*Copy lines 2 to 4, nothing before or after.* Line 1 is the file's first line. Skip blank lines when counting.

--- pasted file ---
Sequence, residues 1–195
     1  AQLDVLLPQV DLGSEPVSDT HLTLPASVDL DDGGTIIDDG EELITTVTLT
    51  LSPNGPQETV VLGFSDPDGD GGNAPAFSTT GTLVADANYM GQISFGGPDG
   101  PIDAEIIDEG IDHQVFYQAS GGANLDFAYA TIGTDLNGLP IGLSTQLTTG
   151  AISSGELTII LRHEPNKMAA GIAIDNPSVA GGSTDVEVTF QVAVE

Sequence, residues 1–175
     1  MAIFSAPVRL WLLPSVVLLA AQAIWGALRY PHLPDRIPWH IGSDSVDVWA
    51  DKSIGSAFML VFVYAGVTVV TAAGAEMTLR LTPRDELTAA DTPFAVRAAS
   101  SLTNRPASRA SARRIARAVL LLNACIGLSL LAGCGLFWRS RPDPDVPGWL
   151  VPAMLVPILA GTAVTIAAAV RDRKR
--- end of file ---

     1  AQLDVLLPQV DLGSEPVSDT HLTLPASVDL DDGGTIIDDG EELITTVTLT
    51  LSPNGPQETV VLGFSDPDGD GGNAPAFSTT GTLVADANYM GQISFGGPDG
   101  PIDAEIIDEG IDHQVFYQAS GGANLDFAYA TIGTDLNGLP IGLSTQLTTG